#CityShaping

The Beauty of the Toronto Transit System

Earlier this year The Guardian released a list of the world’s most beautiful metro stations – Museum Station was named on the list. The renovation of the station, which included totems and ornate moldings and pillars, rightfully deserved to be included.

CityNews Toronto decided to ask Torontonians what their most and least favourite stations in the city; the ensuing Twitter discussion gave a fascinating insight into what people like and dislike about the look of Toronto’s subway stations. What was interesting was a split in opinions – just as many loving the funky retro vibe of the older stations as those who liked the more contemporary examples.

Subway 1

Photo: Yonge Line, Dundas Station circa 1950’s – City of Toronto Archive. http://bit.ly/1P5WGxv

The Yonge Line was Canada’s first subway, opened on March 30, 1954. From there, the University extension was opened in 1963, then the Bloor-Danforth line was opened in 1966. As such, Toronto’s subway stations are steeped in 1950’s/1960’s minimalism – tile walls    , concrete floors reminiscent of those from a hospital or post-war schools, bold colours, fluorescent lights and that gorgeously distinctive font on station signs give the stations a great retro vibe. Every part of the stations, from their brick and glass clad street-level facades, to their underground corridors, allow – if only for a fleeting moment – timelessness, with a hint of retro kitsch.

Subway 2

Photo: Sherbourne Station, 1963 – City of Toronto Archives. http://bit.ly/1O2KOeU

The 1950’s/1960’s have never really gone out of fashion from a design standpoint – Toronto’s subway stations were built just before the imposing gaudiness of 1970’s design sensibilities, or the plastic sterility of the 1980’s, leaving the city with subway stations right out of the Mad Men era.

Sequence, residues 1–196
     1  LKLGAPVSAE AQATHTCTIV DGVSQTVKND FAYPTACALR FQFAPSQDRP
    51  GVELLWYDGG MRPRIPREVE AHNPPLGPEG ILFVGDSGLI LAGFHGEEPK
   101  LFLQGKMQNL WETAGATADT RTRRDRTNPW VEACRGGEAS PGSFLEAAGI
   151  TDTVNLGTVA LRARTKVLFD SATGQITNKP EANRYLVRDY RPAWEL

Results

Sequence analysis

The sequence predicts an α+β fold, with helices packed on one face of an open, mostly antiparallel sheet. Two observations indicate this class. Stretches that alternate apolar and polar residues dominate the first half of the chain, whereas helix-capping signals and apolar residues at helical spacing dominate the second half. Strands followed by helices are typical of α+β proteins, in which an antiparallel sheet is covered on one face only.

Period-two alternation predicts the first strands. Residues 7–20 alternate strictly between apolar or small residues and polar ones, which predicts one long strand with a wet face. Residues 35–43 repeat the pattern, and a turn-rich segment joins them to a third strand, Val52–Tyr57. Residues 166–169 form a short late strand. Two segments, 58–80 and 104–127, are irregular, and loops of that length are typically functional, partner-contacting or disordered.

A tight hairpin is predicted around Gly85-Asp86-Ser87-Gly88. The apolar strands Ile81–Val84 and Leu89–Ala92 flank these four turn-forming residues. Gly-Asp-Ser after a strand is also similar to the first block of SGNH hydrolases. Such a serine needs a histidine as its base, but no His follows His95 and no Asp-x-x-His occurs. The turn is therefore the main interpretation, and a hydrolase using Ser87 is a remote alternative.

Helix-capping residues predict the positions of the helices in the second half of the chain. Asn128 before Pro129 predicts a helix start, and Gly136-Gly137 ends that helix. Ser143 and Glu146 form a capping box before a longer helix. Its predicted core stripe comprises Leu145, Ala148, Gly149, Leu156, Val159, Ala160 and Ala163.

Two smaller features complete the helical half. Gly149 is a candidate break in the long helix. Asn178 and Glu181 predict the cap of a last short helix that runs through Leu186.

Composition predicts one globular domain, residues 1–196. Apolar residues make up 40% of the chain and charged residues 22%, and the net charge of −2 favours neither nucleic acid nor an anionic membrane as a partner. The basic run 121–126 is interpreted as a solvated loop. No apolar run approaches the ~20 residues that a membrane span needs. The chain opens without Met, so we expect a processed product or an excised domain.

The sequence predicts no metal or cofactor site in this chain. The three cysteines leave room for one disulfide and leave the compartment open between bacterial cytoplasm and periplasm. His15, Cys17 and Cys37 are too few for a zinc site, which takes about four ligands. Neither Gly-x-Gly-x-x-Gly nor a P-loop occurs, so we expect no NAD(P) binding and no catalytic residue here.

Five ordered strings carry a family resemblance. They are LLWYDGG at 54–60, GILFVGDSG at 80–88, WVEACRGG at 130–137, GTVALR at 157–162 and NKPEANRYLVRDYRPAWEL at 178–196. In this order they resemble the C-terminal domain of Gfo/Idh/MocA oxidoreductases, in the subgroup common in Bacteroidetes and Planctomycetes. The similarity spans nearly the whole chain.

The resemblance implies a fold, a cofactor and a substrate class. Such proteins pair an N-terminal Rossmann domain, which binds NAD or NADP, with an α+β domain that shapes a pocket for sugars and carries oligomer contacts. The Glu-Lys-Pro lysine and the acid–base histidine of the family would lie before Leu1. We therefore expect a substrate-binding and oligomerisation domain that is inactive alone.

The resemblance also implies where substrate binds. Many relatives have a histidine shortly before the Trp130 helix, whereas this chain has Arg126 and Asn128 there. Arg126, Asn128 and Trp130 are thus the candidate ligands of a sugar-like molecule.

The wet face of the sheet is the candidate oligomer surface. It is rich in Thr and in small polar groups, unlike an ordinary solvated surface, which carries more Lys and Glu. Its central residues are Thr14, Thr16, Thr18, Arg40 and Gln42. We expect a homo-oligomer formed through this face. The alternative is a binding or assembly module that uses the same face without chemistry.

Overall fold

Looking at pictures of Toronto’s subways over the years we see fashions changing, we see the subway trains changing, we see the advertising changing, but the stations themselves stand almost defiantly against the passage of time, frozen in this perfect moment in design sensibilities for a city growing and progressing at the pace of Toronto – enduring decades of aesthetic ‘improvements’ which fell short of their mark, seemingly waiting for the city to recognize the refined elegance of the time in which the stations were first born.

Subway 3

Photo: Old Mill Station, 197. http://bit.ly/1VnHEbt

As new stations are proposed and designed, it is clear that a more modern aesthetic is being sought – and rightly so. However, one can’t help but look at the designs for stations on the Toronto – York Spadina subway extension and feel a pang of familiarity between the swooping, futuristic contours of the York University Station, or the Vaughan Metropolitan Centre Station, or the Highway 407 Station, and 1950’s/1960’s science fiction visualizations of ‘the future’.

Subway 4

Photo: King Station, 1982, Photo credits attached. http://bit.ly/1QLufDo

The Sheppard subway line, which opened in 2002, maintained the minimalist influence of the 1960’s station design sensibilities which are the hallmark of Toronto’s subway system. Linear and geometric tile patterns beneath the hypnotic symmetry of the slatted ceiling and stark, raw concrete walls make stations along the Sheppard line popular with Instagrammers across the city, even if they aren’t as popular with TTC riders.

It is reassuring to see that the design legacy of Toronto’s subways will continue in this fashion, but will embrace a more modern street-level aesthetic, as is illustrated by the mock-ups for the Toronto – York Spadina extension lines.

Toronto has come a long way since the 1950’s, but the subtle, refined beauty of our subways is a legacy worth preserving and nurturing as a part of our shared cultural identity as Torontonians.

Subway 5

Photo: Bessarion Station, circa 2014, was named one of Toronto’s least used subway stations in 2014. http://bit.ly/1j1cIgb